After a number high-profile foodborne illness outbreaks in the United States, President Barack Obama’s Food Safety Working Group recommended that a Rapid Response Team (RRT) concept be adopted and funded through the U.S. Food and Drug Administration (FDA) to improve emergency planning and response to such incidents. Foodborne outbreaks and emergencies can result in illnesses, deaths, and, often, economic consequences. Agencies at all levels of government have a significant role in recognizing outbreaks or other events, and responding rapidly to protect the public.
In 2008, the RRT program was created by the FDA’s Office of Partnerships to address the need for an improved and integrated rapid response to complex food and feed emergencies across the country. Grants were awarded to six pilot states in 2008, and the next year, the pilot program was expanded to three additional states. Nine more RRTs, including that of Pennsylvania, were formed and funded in August 2012. The program has now grown to include 22 states, some of which operate without federal funding.
In Pennsylvania, an RRT Advisory Group, a collaboration of more than 40 organizations, was created to better understand their respective roles and how they interact in a large food or feed emergency response. Pennsylvania’s RRT Advisory Group, led by the Pennsylvania Department of Agriculture (PDA), includes representatives of academia, industry, local health departments, and state and federal agencies.
Federal partners include FDA’s Philadelphia District Office, the U.S. Department of Agriculture (USDA) Food Safety and Inspection Service, the USDA Veterinary Services, the U.S. Centers for Disease Control and Prevention, the Federal Bureau of Investigation, and the U.S. Department of Homeland Security. State agency partners include the Pennsylvania Department of Health, the Department of Environmental Protection, the Pennsylvania State Police, the Pennsylvania Emergency Management Agency, and the Pennsylvania Army National Guard. The American Veterinary Medical Association through its Veterinary Medical Assistance Team also participated in the project, along with a private industry and regional task force emergency planning advocate.
|PDA RRT Response Examples
Apple Juice Lye Incident
Suspected Banana Intentional Contamination Incident
Pennsylvania initially operated using the Best Practices Manual developed by the original pilot RRTs. The commonwealth’s Food/Feed Emergency Response Plan, the RRT Concept of Operations along with Standard Operating Procedures (SOPs), and other related job aids were then developed to include Pennsylvania-specific information and procedures. Pennsylvania has continued to update and revise these documents to complement both FDA’s Manufactured Food Regulatory Program Standards and Animal Feed Regulatory Program Standards projects.
Pennsylvania’s RRT group continues to upgrade SOPs to be followed by local, state, and federal responders during agricultural incidents. PDA RRT operates using the Incident Command System principles and a Unified Command structure in any human or animal food emergency. During both actual incidents and training exercises, it became evident that these guides and procedures proved valuable and would improve the ability to respond to a food/feed emergency in or affecting Pennsylvania.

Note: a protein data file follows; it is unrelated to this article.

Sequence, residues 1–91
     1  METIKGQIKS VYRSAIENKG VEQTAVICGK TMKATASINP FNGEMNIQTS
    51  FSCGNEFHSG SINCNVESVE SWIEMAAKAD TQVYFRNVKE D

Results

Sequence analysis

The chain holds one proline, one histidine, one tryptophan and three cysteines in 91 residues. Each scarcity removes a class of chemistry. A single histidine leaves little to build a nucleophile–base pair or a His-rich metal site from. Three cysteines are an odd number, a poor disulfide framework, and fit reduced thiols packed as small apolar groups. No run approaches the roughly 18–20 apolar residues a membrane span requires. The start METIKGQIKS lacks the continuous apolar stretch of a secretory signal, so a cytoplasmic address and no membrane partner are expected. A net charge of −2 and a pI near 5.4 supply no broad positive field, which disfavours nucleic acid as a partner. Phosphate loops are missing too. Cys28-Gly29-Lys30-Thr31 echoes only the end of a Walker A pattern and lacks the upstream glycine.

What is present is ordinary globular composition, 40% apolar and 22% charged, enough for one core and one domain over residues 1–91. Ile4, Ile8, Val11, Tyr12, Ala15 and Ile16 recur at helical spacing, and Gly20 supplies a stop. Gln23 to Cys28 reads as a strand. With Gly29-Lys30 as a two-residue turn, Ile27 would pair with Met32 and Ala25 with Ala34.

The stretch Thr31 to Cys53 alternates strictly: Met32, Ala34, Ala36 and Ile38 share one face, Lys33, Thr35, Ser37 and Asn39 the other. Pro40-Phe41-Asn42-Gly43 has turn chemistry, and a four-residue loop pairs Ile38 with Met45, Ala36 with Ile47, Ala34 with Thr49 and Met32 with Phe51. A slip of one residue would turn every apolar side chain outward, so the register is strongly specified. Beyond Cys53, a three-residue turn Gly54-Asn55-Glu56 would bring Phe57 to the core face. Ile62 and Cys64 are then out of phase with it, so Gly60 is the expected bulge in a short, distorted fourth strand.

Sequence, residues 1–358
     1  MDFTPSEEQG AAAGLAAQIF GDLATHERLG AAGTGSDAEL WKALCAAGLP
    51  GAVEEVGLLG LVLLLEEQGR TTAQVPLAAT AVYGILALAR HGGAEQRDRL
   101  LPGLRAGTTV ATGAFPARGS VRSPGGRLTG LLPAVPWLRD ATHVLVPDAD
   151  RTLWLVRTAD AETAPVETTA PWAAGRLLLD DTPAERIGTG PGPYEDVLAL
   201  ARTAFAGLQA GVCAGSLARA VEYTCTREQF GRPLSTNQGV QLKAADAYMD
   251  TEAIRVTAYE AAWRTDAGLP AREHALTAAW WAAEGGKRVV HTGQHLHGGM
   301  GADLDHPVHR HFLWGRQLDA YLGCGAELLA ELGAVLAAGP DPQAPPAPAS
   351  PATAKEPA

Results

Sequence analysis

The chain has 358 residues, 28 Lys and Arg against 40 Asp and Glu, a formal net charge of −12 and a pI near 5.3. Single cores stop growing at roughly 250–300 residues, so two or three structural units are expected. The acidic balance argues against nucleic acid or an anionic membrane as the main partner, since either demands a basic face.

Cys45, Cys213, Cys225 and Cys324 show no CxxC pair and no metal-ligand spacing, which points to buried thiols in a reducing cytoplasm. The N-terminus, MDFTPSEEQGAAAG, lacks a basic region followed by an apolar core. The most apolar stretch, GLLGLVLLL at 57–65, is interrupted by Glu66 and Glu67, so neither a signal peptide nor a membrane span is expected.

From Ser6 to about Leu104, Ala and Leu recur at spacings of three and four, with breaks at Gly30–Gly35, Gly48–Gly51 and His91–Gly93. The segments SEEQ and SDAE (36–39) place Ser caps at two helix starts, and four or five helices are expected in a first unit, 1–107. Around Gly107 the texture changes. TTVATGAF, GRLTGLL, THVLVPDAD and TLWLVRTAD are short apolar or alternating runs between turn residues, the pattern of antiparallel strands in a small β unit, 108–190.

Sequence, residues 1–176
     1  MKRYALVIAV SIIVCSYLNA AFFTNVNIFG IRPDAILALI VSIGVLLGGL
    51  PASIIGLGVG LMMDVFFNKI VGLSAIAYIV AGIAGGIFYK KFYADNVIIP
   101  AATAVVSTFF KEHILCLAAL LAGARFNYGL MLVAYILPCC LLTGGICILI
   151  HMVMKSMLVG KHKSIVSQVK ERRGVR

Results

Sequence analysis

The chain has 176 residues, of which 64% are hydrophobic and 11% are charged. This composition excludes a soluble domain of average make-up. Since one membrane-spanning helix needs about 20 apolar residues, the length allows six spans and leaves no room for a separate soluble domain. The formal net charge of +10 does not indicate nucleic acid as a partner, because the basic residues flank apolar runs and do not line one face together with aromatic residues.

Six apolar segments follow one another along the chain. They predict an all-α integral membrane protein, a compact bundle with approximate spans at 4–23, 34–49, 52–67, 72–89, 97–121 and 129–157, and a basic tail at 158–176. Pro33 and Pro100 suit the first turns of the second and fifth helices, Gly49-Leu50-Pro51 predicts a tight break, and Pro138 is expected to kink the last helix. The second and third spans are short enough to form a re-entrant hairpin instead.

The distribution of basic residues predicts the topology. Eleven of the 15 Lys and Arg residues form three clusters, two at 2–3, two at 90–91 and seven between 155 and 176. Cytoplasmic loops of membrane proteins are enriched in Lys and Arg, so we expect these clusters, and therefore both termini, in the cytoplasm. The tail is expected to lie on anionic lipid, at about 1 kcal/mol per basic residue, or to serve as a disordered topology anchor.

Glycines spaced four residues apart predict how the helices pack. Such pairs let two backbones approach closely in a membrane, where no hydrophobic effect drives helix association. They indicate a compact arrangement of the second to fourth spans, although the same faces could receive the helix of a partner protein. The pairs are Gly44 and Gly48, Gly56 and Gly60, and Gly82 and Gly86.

The Pennsylvania RRT engages partners across jurisdictions to build on core capabilities, exchange best practices, and explore innovative approaches to incident response within the state and on a national level. PDA remains active and has been widely inclusive in connecting with local, state, federal, and private sector partners, evolving current valued relationships and creating new partnerships.
Through quarterly meetings, multi-disciplinary cross-training, incident simulation exercises, and procedure development with partners in environmental health, food investigations, sampling, epidemiology, laboratory processes, communications, law enforcement, and emergency management, the proficiencies of food and feed responders have been significantly enhanced. The program also employs national standards, educational courses, and “Train the Trainer” opportunities to improve preparedness for various food and feed events. During our responses and exercises, we have engaged food safety and feed inspectors along with other agencies working together to resolve cases (see “PDA RRT Response Examples,” right).
By leveraging resources of multiple disciplines, expanding the understanding of a complex food system, and developing procedures and standards to train and exercise, the RRT has put Pennsylvania in a heightened state of readiness to respond to food and feed system threats, hazards, and outbreaks. The Pennsylvania team has hosted many of our industry representatives and partners for numerous tabletop exercises to sharpen collective capacity to respond. These included sessions for the Democratic National Convention and, most recently, an intentional contamination of feed that made its way into the food system.
Emergency managers should determine whether their state has a food/feed RRT through their state health or agriculture departments, and whether they are welcome to participate in the group.
Pennsylvania is committed to prevention and response to emergencies that jeopardize the safety and resiliency of the food, feed, and agriculture industries. We will continue to foster and sustain relationships and collaborative emergency response to protect Pennsylvania residents and consumers. Continued support for the RRT program will help safeguard an industry that is one of the primary economic drivers in the commonwealth.